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Liquid metal nano printing set to revolutionize electronics

Creating integrated circuits just atoms thick

Date:
February 17, 2017
Source:
RMIT University
Summary:
A new technique uses liquid metals to create large wafers around 1.5 nanometres in depth to produce integrated circuits, report scientists in a new report.
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A new technique using liquid metals to create integrated circuits that are just atoms thick could lead to the next big advance for electronics.

The process opens the way for the production of large wafers around 1.5 nanometres in depth (a sheet of paper, by comparison, is 100,000nm thick).

Other techniques have proven unreliable in terms of quality, difficult to scale up and function only at very high temperatures -- 550 degrees or more.

Distinguished Professor Kourosh Kalantar-zadeh, from the School of Engineering at RMIT University in Melbourne, Australia, led the project, which also included colleagues from RMIT and researchers from CSIRO, Monash University, North Carolina State University and the University of California.

He said the electronics industry had hit a barrier.

"The fundamental technology of car engines has not progressed since 1920 and now the same is happening to electronics. Mobile phones and computers are no more powerful than five years ago.

"That is why this new 2D printing technique is so important -- creating many layers of incredibly thin electronic chips on the same surface dramatically increases processing power and reduces costs.

"It will allow for the next revolution in electronics."

Benjamin Carey, a researcher with RMIT and the CSIRO, said creating electronic wafers just atoms thick could overcome the limitations of current chip production.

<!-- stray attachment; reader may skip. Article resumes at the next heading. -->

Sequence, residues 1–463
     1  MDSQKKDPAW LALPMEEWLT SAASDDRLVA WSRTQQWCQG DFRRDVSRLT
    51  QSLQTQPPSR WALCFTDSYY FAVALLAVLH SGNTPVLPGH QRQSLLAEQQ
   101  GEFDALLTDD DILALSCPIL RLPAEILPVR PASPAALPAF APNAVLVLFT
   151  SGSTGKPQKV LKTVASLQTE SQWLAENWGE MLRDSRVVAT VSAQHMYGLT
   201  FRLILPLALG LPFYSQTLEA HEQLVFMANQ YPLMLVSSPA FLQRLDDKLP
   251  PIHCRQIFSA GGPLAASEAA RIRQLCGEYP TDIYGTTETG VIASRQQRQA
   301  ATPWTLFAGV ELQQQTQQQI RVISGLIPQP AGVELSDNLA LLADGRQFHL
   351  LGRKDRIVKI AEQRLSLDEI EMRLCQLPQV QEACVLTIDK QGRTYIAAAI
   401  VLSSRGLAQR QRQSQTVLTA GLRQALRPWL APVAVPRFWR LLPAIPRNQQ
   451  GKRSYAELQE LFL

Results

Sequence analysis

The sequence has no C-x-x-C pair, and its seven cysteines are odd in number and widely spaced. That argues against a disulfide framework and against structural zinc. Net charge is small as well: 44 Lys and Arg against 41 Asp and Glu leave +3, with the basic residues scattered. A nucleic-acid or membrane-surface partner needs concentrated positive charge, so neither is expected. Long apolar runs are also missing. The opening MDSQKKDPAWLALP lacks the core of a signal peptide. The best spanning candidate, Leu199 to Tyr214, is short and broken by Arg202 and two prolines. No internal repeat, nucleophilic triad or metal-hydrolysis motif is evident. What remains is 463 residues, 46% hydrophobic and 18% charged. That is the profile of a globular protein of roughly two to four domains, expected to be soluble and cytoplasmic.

It could also produce materials that were extremely bendable, paving the way for flexible electronics.

"However, none of the current technologies are able to create homogenous surfaces of atomically thin semiconductors on large surface areas that are useful for the industrial scale fabrication of chips.

"Our solution is to use the metals gallium and indium, which have a low melting point.

"These metals produce an atomically thin layer of oxide on their surface that naturally protects them. It is this thin oxide which we use in our fabrication method.

"By rolling the liquid metal, the oxide layer can be transferred on to an electronic wafer, which is then sulphurised. The surface of the wafer can be pre-treated to form individual transistors.

"We have used this novel method to create transistors and photo-detectors of very high gain and very high fabrication reliability in large scale."


Story Source:

Materials provided by RMIT University. Note: Content may be edited for style and length.


Journal Reference:

  1. Benjamin J. Carey, Jian Zhen Ou, Rhiannon M. Clark, Kyle J. Berean, Ali Zavabeti, Anthony S. R. Chesman, Salvy P. Russo, Desmond W. M. Lau, Zai-Quan Xu, Qiaoliang Bao, Omid Kevehei, Brant C. Gibson, Michael D. Dickey, Richard B. Kaner, Torben Daeneke, Kourosh Kalantar-Zadeh. Wafer-scale two-dimensional semiconductors from printed oxide skin of liquid metals. Nature Communications, 2017; 8: 14482 DOI: 10.1038/NCOMMS14482

Cite This Page:

RMIT University. "Liquid metal nano printing set to revolutionize electronics: Creating integrated circuits just atoms thick." ScienceDaily. ScienceDaily, 17 February 2017. <www.sciencedaily.com/releases/2017/02/170217095922.htm>.
RMIT University. (2017, February 17). Liquid metal nano printing set to revolutionize electronics: Creating integrated circuits just atoms thick. ScienceDaily. Retrieved May 23, 2017 from www.sciencedaily.com/releases/2017/02/170217095922.htm
RMIT University. "Liquid metal nano printing set to revolutionize electronics: Creating integrated circuits just atoms thick." ScienceDaily. www.sciencedaily.com/releases/2017/02/170217095922.htm (accessed May 23, 2017).

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